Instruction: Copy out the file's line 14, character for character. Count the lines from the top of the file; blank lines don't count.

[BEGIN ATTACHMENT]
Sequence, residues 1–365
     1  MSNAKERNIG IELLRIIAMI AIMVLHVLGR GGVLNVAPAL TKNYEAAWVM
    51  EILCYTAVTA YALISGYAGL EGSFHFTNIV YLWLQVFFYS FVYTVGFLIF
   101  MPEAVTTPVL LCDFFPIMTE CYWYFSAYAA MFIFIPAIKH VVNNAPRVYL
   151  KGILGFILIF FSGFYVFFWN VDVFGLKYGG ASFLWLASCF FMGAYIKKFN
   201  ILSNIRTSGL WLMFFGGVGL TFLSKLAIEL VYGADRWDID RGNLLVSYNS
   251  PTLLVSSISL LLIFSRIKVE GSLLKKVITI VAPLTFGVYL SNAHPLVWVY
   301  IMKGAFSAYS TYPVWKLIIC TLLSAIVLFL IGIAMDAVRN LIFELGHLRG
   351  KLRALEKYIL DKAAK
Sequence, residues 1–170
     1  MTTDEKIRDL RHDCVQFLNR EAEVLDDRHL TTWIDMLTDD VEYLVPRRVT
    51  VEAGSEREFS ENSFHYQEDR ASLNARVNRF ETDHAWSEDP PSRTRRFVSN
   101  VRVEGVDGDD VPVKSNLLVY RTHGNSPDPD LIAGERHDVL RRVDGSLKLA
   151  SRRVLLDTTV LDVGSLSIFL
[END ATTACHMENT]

   151  SRRVLLDTTV LDVGSLSIFL